Figure 6 shows the profile of prestack AVA simultaneous inversion. In this figure, the value of in golden yellow regions is less than 1.65, corresponding to gas layer. It can be seen from the figure that the vertical distribution of gas layer is consistent with the well logs basically, and only the thickness is different from well logs. In the inversion profile, the thickness of the continuous gas layer on the top of Well01 is 15 m, and the thickness of the gas layer below is 10 m. Their thickness are significantly higher than those of the gas layers shown in the well logs. Thin gas layer has not been accurately predicted. Figure 7 shows the water saturation profile of geostatistical inversion with lithology masks. The shale in nonreservoir has been masked. The water saturation of the yellow zone is less than 0.5, corresponding to that of gas layer. The blue area is water layer. It can be seen from the figure that the vertical distribution of gas layer is in good agreement with the well logs. The thickness is only a little larger than that of the interpretation result. In the profile, the thickness of the gas layer on the top of Well01 is 12 m, and the thickness of the thin gas layer below is only 4 m. Compared to the result of prestack AVA simultaneous inversion, this result is very close to that of the well logs. Thin gas layer has been accurately predicted. In the lateral direction, both two sections seemed more natural. The gas layer is neither too much nor too continuous. There are obvious changes in the lateral direction. By comparing these two pictures, it can be clearly seen that calculating water saturation by geostatistical inversion with lithology is a fluid prediction method which has high vertical and high lateral resolution.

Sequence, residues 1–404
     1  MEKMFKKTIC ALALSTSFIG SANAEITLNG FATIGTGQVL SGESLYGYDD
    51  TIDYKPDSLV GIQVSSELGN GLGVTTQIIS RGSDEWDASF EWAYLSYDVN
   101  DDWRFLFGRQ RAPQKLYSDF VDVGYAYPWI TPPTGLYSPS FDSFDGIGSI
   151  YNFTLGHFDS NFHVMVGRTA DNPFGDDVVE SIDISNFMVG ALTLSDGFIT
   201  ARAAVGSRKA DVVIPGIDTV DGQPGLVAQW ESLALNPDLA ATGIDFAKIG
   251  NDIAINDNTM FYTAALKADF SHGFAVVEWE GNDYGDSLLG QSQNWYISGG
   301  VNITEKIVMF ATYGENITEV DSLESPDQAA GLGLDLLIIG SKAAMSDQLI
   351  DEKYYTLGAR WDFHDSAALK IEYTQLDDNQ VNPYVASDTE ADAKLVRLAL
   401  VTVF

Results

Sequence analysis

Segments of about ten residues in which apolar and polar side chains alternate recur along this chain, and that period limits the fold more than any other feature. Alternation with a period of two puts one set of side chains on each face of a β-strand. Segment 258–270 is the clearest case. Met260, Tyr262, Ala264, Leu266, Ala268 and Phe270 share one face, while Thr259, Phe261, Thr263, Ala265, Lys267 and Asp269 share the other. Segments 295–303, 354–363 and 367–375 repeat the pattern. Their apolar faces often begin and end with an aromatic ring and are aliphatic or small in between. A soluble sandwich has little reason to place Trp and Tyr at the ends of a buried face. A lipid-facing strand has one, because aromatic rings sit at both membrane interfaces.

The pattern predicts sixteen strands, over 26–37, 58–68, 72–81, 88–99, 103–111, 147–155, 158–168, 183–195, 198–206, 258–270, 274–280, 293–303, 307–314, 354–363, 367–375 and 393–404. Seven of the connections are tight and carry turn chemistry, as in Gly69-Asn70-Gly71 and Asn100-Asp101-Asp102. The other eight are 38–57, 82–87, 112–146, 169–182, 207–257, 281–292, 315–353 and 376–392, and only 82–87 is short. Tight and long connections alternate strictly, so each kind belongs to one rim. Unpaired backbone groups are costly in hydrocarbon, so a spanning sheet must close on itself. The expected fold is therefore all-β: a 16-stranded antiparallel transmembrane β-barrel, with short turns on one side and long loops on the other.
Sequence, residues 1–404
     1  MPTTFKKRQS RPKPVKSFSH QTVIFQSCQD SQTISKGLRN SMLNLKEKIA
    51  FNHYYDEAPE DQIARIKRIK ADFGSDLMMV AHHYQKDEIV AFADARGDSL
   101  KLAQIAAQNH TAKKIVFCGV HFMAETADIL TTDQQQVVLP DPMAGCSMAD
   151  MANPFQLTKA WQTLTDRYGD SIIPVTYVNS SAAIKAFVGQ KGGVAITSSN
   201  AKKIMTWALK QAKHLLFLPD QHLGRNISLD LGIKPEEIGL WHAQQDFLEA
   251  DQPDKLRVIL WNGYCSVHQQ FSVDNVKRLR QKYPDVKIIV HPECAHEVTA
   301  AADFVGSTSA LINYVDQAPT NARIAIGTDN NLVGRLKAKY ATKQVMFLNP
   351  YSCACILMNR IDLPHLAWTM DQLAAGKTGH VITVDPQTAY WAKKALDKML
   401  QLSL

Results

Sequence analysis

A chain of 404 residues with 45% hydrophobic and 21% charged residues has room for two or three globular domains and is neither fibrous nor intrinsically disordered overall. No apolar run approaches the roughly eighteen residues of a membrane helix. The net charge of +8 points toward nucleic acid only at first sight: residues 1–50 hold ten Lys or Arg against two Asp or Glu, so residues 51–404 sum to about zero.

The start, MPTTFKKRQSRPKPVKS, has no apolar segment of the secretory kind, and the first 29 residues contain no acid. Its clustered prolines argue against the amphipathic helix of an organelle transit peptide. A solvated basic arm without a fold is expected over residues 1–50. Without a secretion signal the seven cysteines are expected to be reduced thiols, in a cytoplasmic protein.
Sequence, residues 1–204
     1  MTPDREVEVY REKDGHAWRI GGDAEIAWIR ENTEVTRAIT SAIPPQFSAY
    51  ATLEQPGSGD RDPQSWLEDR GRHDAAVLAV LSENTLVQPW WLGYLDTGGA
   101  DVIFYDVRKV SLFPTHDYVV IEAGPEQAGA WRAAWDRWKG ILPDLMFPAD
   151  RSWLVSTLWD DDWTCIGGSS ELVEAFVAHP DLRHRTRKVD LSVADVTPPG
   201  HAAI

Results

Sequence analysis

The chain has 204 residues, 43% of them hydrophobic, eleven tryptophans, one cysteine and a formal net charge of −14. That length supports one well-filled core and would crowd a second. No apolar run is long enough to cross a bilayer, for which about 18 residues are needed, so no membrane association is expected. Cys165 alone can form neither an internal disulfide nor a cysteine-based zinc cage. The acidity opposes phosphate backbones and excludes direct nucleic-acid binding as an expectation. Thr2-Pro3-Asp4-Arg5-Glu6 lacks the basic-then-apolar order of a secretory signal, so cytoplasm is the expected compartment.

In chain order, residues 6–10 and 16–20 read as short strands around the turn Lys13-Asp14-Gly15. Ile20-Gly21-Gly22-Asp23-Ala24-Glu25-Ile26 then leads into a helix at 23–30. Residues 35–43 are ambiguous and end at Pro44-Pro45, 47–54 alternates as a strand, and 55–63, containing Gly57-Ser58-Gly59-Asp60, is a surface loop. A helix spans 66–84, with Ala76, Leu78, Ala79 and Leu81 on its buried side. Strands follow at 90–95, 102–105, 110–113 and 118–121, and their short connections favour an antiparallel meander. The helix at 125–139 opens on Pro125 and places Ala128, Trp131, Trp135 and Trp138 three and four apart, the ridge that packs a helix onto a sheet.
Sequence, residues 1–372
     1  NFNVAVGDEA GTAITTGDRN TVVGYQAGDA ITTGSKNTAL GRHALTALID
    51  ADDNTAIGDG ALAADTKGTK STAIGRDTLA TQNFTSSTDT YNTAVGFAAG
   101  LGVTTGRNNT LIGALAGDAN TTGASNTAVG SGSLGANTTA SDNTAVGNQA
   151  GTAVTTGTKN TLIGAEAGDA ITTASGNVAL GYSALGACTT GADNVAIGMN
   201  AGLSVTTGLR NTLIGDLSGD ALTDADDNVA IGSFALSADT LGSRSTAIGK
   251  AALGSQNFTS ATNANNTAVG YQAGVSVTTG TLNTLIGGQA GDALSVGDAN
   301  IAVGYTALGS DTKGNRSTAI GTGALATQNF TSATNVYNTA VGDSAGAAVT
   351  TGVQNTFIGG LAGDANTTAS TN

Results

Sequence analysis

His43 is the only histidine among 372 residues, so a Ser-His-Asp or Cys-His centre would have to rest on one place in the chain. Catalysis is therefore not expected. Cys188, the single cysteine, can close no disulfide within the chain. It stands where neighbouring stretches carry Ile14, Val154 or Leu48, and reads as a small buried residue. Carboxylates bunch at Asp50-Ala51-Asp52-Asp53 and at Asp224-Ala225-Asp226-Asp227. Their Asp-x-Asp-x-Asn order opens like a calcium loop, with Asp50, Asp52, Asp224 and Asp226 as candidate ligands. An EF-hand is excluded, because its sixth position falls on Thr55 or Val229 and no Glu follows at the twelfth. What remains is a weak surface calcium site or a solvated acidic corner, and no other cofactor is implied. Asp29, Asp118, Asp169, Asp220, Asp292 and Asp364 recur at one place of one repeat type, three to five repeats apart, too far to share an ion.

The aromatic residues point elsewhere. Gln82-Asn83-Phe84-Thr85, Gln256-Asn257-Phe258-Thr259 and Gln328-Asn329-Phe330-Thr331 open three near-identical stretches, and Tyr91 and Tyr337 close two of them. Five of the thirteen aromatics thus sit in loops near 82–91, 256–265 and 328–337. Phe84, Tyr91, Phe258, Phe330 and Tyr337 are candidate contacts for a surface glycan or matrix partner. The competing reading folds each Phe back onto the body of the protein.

Geostatistical inversion utilized well data as simulation control points and was constrained by seismic data between the wells. The inversion result can reflect the character of well data and seismic data at the same time. It gave full play to the advantage of high vertical resolution of well data and high lateral resolution of seismic data. Using geostatistical inversion with lithology masks for water saturation can directly research the properties of fluids in reservoir. It can avoid the case that non-reservoir with low water saturation is mistaken as containing oil and gas. It can reduce the error of the inversion result. It can get the fluid prediction result with high vertical and lateral resolution and precisely predict thin layer fluid. From the theoretical modeling and real data application, it can be found that this high-resolution method of fluid prediction gets a good prediction result for thin layer fluid.
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Copyright © 2013 Zhen Yu and Jing He. This is an open access article distributed under the Creative Commons Attribution License, which permits unrestricted use, distribution, and reproduction in any medium, provided the original work is properly cited.